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Monday, Nov. 20, 2017

DODGING A BULLET

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Also: Will Joe Biden run for president in 2020?

Shreveport Police Chief Alan Crump dodged a bullet (no pun intended) last week when the city council failed on a 2-3 vote to approve a resolution asking Mayor Ollie Tyler to replace him as the city’s chief of police. The resolution would have been non-binding because only the mayor can hire or fire the police chief, but it did show that the chief’s support among council members has eroded since he was confirmed by the council on Dec. 13, 2016.

This resolution was introduced by Councilman Willie Bradford, who said that crime rates in Shreveport are not improving under Crump’s leadership. He noted the homicide rate is on a record-breaking pace and other violent crimes are also on the increase. Bradford was joined in support of the resolution by District E Councilman James Flurry. Voting against the resolution were Councilmen Jeff Everson, Oliver Jenkins and Michael Corbin.

Two council members were absent.

Jerry Bowman Jr. was hospitalized the day before the meeting with chest pains and did not make the meeting. But he would have been a yes vote. Bowman, about a month ago, was the first council member to criticize the police chief and asked the mayor to replace him. He sent a letter to the mayor which said, "Since becoming chief, he has not demonstrated the competencies and judgement required of the chief of police for the city of Shreveport, and the citizens do not believe that he has or can provide the leadership needed to reduce crime and keep this city safe."

Bowman’s vote would have made it 3-3. The deciding vote would then have been delivered by Councilwoman Stephanie Lynch, who was absent from the meeting. How Lynch would have voted is anyone’s guess, and no reason was given for her absence from the meeting. Perhaps it would have been prudent to postpone a vote on this resolution until a full city council was in attendance. Nevertheless, one has to applaud Bradford and Flurry – and Bowman – for their courage in bringing the issue to the forefront.

Chief Crump thanked the council – and the mayor – for their support. While Mayor Tyler reaffirmed her support of the chief, it was still an embarrassing situation for both of them, knowing that at least three of the seven council members do not have confidence in Crump to do his job. The controversial situation where Crump was suspended after chasing a suspect and firing his weapon did not help, either. He was later cleared of any wrongdoing.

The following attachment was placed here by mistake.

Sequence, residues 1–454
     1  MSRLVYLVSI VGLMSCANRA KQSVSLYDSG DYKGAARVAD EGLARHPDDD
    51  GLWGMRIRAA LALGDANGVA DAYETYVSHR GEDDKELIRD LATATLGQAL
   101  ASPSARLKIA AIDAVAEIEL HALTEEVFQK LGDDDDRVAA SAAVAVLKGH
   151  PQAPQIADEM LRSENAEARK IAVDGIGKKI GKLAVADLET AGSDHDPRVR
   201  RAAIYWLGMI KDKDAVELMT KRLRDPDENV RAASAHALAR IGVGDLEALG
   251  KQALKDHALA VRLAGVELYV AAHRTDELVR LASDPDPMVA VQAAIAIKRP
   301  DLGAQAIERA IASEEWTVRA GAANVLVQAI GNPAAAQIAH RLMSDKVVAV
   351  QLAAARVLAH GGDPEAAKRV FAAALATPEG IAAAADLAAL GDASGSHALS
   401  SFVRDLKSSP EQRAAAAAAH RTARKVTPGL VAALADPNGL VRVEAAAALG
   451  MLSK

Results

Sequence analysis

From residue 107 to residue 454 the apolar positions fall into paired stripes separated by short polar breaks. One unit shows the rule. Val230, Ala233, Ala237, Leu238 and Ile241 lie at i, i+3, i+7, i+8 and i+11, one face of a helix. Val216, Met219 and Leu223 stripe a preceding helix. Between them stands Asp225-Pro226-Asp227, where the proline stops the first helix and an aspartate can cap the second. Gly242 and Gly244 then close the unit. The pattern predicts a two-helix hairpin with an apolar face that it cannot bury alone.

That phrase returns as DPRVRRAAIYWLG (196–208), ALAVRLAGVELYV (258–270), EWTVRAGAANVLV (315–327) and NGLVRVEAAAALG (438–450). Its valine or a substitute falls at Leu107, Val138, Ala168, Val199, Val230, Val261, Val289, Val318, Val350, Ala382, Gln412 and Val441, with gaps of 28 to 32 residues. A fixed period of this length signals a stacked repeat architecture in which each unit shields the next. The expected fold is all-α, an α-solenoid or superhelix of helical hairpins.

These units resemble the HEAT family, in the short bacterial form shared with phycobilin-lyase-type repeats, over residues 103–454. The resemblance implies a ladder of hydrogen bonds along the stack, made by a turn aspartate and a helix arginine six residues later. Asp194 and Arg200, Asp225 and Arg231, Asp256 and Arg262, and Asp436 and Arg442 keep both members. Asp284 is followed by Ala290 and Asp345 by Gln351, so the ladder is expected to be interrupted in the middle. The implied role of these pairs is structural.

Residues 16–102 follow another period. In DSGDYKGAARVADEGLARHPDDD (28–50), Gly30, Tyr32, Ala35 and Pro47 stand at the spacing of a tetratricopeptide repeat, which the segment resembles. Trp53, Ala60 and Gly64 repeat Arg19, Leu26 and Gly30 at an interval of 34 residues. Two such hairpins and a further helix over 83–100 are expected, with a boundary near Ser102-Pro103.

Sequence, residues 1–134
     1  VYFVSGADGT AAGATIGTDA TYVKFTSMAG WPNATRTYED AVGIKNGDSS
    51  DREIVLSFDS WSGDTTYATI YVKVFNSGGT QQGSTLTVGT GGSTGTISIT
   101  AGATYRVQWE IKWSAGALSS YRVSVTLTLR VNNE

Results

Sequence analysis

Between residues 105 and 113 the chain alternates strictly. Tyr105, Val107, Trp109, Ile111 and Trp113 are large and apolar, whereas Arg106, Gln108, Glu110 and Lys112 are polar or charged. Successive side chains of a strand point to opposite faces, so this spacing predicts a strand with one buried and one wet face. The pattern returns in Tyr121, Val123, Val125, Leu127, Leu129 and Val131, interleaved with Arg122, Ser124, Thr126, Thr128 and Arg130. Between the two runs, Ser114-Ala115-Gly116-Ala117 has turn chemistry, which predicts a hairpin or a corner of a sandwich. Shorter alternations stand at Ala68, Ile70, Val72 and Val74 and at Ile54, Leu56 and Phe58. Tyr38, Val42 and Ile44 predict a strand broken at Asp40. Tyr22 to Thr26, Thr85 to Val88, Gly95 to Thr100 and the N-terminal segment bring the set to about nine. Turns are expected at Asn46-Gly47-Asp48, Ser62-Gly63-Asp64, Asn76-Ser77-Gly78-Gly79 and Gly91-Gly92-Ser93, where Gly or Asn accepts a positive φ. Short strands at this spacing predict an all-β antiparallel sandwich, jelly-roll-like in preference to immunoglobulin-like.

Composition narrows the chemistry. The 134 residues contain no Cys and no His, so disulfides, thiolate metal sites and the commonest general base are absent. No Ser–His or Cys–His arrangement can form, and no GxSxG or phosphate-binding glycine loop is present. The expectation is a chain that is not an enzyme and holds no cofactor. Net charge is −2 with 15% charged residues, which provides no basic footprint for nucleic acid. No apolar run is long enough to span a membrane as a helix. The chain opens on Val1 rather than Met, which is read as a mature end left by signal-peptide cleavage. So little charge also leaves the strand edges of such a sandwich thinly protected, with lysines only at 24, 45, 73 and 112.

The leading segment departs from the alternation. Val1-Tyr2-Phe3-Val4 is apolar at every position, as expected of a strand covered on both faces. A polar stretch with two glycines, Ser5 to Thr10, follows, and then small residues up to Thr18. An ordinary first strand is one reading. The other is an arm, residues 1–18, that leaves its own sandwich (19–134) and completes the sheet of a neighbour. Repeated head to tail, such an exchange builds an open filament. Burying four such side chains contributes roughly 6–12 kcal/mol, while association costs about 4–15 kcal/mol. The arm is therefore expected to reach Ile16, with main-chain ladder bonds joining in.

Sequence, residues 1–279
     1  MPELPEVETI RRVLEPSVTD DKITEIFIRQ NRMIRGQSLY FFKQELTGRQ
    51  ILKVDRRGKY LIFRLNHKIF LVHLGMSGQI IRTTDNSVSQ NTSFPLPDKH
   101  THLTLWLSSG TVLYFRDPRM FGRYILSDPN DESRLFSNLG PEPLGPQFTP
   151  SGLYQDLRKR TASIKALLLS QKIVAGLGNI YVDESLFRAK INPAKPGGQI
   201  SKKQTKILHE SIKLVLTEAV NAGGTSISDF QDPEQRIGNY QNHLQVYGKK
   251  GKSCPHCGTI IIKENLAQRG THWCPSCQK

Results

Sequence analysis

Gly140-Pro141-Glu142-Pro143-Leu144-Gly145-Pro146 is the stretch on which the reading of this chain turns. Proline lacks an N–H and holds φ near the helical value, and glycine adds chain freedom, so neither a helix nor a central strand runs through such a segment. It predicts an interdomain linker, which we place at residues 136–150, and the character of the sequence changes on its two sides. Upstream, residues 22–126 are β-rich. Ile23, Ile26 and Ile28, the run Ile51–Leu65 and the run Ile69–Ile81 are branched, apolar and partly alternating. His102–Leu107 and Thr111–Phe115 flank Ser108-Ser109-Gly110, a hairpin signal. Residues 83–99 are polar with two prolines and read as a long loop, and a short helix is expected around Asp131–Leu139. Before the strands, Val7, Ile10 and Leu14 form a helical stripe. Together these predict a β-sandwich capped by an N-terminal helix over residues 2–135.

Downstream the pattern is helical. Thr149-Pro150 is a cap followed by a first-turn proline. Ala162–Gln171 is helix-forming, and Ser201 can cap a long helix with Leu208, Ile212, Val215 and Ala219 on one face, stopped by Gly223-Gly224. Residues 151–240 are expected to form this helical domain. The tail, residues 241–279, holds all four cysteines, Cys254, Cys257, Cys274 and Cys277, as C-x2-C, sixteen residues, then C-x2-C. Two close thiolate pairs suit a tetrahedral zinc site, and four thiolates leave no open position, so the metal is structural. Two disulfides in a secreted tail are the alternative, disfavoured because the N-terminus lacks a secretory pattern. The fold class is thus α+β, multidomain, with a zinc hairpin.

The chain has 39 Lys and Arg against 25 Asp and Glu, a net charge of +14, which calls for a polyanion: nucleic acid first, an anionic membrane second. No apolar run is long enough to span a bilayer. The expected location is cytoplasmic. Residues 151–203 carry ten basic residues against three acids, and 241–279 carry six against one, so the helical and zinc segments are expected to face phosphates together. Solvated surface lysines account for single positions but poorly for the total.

The vote on the resolution came on the very day that a study was released showing Shreveport at No. 18 on the list of "America’s 25 Murder Capitals." The study was done by 24/7 Wall Street. It pointed out the number of homicides in Shreveport nearly doubled last year from 22 in 2015 to 42 in 2016. In addition to an uptick in murder, there was a 23 percent increase in rape, 7 percent increase in robbery and 16 percent in aggravated assault. In total, there were 949 violent crimes reported per 100,000 Shreveport residents in 2016, up 16 percent from 819 per 100,000 residents the year prior.

The figures for 2017 are not looking any better. One would be hard-pressed to find anyone in Shreveport who is not concerned about the rampant crime taking place on its streets on a daily basis. So the pressure has been put on the chief to produce some positive results – and Mayor Tyler as well.

Biden in 2020? It is pretty much a given that if Vice President Joe Biden had been the Democratic nominee for president in 2016, he would be occupying the White House today. But, at the time, he was dealing with the aftermath of his son Beau’s death of brain cancer in May 2015. Today, he still maintains a high profile, has just published a book, and is being coy about whether he will run for president in 2020. He has not ruled it out.

A new poll by POLITICO/Morning Consult could give Biden some incentive to think seriously about making a run for the White House. In the hypothetical match-up, if the election were held today, Biden would capture 46 percent of the vote, while President Donald Trump comes in with 35 percent. Interestingly, that’s about where Trump’s job approval rating sits today. The latest Gallup tracking poll, conducted Nov. 13-15, shows Trump with a historic low job approval rating of 37 percent with 57 disapproving.

Biden leads among women 42 percent to 28 percent; independents 41 percent to 26 percent; non-college educated 42 percent to 35 percent; and voters who make under $50,000 45 percent to 31 percent. Even worse news for Trump, the polls shows that 48 percent of voters say they would vote for a generic Democratic candidate and 34 percent say they would vote for Trump. The survey was conducted Nov. 9-11 among 1,993 registered voters.

Lou Gehrig Burnett, an award-winning journalist, has been involved with politics for 44 years and was a congressional aide in Washington, D.C., for 27 years. He also served as executive assistant to former Shreveport Mayor “Bo” Williams. Burnett is the publisher of the weekly “FaxNet Update” and can be reached at 861-0552 or louburnett@comcast.net.

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